Nice article. I'm actually running 3x GTX680 in SLI and in most cases, as long as the game actually supports SLI, total performance is around that of a 980Ti. 2GB VRAM isn't that big of a deal since I still use a 1080P monitor (120hz), usually just means I can't crank up the AA.
 
Which is an advantage to the people who understand that. You can buy an MSI twin frozer 770 for $150 shipped, the lowest GTX 680 is about $175 shipped. Most of the 680s are going for over $200, but you can buy several 770s for around $150.
 
Nice article. I'm actually running 3x GTX680 in SLI and in most cases, as long as the game actually supports SLI, total performance is around that of a 980Ti. 2GB VRAM isn't that big of a deal since I still use a 1080P monitor (120hz), usually just means I can't crank up the AA.

I'm curious if you have ever checked the idle power consumption on that setup. I know they were bringing it down each iteration, but don't know specifics for that era. I remember using 8800GTX SLI and those idled at 75W regardless of what you were doing, so it was 150W to have a pair of them in a computer just to browse the web. I think the 580s were still a bit idle hungry, but nothing like the old cards. The one big thing with the latest 10 series is even the high end cards draw almost nothing when idling.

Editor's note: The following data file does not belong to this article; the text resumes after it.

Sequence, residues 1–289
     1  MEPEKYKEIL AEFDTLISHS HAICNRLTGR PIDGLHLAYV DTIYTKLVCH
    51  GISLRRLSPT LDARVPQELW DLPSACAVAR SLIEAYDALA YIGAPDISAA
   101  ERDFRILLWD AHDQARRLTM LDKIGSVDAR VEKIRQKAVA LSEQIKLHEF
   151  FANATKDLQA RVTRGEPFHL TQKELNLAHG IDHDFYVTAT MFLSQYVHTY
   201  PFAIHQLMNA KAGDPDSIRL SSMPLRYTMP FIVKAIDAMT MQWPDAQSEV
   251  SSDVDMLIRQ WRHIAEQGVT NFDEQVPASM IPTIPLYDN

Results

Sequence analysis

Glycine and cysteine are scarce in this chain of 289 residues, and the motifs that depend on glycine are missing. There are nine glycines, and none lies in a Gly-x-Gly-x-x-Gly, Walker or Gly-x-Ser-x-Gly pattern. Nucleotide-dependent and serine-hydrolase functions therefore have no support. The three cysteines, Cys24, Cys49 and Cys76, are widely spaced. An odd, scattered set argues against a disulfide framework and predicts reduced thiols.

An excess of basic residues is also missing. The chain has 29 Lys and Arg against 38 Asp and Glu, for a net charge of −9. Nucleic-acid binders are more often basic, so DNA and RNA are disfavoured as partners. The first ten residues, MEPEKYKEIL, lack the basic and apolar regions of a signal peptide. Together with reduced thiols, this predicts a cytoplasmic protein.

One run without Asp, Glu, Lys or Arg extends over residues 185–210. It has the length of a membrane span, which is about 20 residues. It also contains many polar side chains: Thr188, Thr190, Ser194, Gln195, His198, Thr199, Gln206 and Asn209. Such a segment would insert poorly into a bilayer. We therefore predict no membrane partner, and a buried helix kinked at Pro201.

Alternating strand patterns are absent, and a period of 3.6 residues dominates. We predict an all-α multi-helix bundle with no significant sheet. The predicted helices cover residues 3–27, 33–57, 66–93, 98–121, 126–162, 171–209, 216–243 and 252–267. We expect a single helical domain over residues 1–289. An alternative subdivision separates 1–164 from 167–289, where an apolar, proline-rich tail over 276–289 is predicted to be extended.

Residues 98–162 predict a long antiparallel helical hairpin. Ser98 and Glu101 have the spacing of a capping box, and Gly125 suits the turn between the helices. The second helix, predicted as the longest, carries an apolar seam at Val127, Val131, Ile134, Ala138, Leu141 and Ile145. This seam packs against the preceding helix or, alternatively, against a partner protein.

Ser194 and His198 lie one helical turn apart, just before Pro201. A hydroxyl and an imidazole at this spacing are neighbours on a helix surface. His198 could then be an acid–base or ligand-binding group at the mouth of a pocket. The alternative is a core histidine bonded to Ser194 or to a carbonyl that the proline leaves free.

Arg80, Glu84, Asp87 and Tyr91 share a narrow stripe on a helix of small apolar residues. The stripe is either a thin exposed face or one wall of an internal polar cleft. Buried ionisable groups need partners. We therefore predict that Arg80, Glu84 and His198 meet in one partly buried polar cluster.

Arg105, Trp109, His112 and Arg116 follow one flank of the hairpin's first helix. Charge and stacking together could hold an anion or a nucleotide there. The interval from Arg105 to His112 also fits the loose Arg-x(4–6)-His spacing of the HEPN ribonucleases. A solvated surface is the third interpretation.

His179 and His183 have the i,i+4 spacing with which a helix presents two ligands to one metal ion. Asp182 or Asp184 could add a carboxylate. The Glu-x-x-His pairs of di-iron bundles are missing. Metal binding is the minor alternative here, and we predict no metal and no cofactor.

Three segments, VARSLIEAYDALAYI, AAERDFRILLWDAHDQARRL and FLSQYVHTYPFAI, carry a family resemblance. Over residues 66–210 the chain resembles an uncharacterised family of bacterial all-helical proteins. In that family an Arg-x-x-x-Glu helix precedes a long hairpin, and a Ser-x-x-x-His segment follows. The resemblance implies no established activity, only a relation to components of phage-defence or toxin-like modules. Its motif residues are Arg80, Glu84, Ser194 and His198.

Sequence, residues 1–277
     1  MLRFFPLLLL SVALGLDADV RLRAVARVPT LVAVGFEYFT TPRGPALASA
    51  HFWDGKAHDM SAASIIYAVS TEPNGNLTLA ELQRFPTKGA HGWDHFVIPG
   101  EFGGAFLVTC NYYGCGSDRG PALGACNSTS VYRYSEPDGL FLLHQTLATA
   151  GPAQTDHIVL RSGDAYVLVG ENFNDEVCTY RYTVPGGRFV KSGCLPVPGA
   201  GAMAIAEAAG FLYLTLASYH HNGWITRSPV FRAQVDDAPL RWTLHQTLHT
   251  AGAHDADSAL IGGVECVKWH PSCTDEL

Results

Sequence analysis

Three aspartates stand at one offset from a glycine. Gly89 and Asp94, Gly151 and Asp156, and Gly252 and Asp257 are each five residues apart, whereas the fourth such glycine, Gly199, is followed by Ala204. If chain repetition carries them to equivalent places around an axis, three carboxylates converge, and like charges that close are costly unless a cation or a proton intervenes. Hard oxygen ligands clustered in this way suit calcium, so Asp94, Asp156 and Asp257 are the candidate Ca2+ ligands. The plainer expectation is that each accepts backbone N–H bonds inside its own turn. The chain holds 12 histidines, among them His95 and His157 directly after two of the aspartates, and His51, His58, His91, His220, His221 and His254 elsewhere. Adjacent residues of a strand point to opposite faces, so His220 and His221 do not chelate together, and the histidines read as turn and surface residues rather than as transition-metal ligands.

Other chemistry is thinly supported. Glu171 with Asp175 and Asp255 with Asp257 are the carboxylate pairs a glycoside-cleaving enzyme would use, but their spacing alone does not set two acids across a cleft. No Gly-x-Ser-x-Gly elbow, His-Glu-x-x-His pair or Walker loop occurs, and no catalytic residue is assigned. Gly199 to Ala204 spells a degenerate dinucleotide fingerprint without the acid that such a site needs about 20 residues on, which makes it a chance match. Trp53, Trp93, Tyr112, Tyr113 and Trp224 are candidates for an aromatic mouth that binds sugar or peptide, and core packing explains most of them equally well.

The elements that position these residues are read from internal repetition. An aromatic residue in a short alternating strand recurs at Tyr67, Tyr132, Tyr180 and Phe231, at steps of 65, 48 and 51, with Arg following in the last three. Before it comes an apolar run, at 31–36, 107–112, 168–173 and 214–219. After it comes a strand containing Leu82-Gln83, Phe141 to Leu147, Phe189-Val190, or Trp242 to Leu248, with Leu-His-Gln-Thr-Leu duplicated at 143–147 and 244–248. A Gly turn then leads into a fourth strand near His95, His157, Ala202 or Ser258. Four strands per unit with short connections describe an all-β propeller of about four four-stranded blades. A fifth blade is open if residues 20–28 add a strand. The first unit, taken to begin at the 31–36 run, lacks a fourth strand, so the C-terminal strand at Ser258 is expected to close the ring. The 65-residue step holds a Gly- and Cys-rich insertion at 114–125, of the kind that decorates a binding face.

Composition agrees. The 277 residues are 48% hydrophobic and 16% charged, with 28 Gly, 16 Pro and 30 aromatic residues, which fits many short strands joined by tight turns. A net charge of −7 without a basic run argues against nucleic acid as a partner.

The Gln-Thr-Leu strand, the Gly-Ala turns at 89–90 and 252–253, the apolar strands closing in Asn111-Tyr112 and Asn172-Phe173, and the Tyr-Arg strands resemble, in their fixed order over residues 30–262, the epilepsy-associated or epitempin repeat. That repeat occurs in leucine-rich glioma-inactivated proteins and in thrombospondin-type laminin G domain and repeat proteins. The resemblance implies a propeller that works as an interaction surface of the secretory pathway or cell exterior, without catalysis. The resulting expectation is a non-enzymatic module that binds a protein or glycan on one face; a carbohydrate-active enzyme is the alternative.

EDIT: I'll just answer my own question. I'd say a good estimate is about 11W per card on those. So you'd be at around 33W or so at idle for just the cards. That's not too bad as my HD5870 alone was about 25W for a single card at idle. The 6xx series took another big leap over the 5xx series and it would appear that idle of your 3 680s is about the same as 1 580.

http://www.guru3d.com/articles-pages/geforce-gtx-680-sli-review,4.html

https://www.anandtech.com/show/5699/nvidia-geforce-gtx-680-review/19
 
Last edited:
Still rocking a GTX 690 in one of my pc's... which is like 2x680's. My main beef with it running nowadays is that it's limited to HDMI 1.4a so running at 4k for desktop use will be with a limited color gamut. 1080p is good to go though.
 
  • Like
Reactions: Rahh
like this